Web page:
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Erdogan Calls on Europe to Be More Sensitive on Migrants

  • Reuters

A migrant boy looks at a Hungarian policeman at the railway station in the town of Bicske, Hungary, Sept. 3, 2015.

A migrant boy looks at a Hungarian policeman at the railway station in the town of Bicske, Hungary, Sept. 3, 2015.

Turkish President Recep Tayyip Erdogan called on developed countries to be more sensitive to the immigration crisis, saying on Thursday he did not consider the way some European nations classify refugees to be humane.

He was speaking after a photograph of a three-year-old Syrian boy whose body washed up on a Turkish beach swept social media on Wednesday, spawning outrage at the perceived inaction of developed nations in helping refugees.

"I call on developed countries, notably in Europe, to be more sensitive in the face of human dramas," Erdogan said in a speech to business leaders in Ankara, a day before a meeting of G20 finance ministers and central bank governors.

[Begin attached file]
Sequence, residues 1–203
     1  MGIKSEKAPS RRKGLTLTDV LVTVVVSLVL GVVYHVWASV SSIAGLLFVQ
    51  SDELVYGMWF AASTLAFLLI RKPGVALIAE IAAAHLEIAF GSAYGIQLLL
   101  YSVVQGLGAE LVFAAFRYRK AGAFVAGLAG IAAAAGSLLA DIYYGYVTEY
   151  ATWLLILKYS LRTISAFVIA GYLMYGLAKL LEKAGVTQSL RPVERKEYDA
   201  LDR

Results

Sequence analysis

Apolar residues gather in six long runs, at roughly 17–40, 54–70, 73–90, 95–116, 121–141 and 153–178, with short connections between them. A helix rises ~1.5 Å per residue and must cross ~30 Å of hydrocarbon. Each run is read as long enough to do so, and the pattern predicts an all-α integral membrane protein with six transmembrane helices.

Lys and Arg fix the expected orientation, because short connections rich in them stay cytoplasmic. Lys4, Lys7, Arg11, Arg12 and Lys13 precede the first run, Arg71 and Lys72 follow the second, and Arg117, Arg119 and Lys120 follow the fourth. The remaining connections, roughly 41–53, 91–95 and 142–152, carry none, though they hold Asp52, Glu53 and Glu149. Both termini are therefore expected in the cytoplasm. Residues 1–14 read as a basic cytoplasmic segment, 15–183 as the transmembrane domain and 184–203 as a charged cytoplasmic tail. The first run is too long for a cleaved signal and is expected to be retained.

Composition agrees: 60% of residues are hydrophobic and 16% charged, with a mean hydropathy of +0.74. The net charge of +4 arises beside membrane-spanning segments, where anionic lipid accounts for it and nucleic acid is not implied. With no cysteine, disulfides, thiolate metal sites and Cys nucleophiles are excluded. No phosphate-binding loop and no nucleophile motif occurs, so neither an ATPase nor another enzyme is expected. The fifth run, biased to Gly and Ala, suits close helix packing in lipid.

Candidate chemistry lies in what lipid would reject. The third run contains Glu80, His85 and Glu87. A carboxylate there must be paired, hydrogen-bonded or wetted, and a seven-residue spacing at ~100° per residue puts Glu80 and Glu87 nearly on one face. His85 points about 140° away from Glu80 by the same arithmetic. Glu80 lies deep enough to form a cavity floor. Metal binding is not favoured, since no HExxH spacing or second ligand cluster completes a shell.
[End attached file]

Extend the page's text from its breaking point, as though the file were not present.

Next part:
A paramilitary police officer carries the lifeless body of a migrant child near the Turkish resort of Bodrum, Sept. 2, 2015.

A paramilitary police officer carries the lifeless body of a migrant child near the Turkish resort of Bodrum, Sept. 2, 2015.

Turkey has taken in 2 million refugees since the Syrian civil war began in March 2011, saying it has spent $6.5 billion on caring for them and received just over $400 million in outside aid. It has warned it is running out of capacity.

Erdogan also said that terrorism was the biggest threat to the economy and a growing problem which Western nations were not handling with enough sensitivity.

Turkey launched what it has called a "synchronized war on terror" in July, launching airstrikes on Kurdish militants in its southeast and in northern Iraq, and opening its air bases to the U.S.-led coalition against Islamic State in Syria.

It was an abrupt shift in policy for the NATO member, which was long reluctant to take a frontline role against the Islamic State, saying President Bashar al-Assad was the root of Syria's problems. It has also faced criticism for not doing more to stop foreign fighters crossing its border to join the jihadists.

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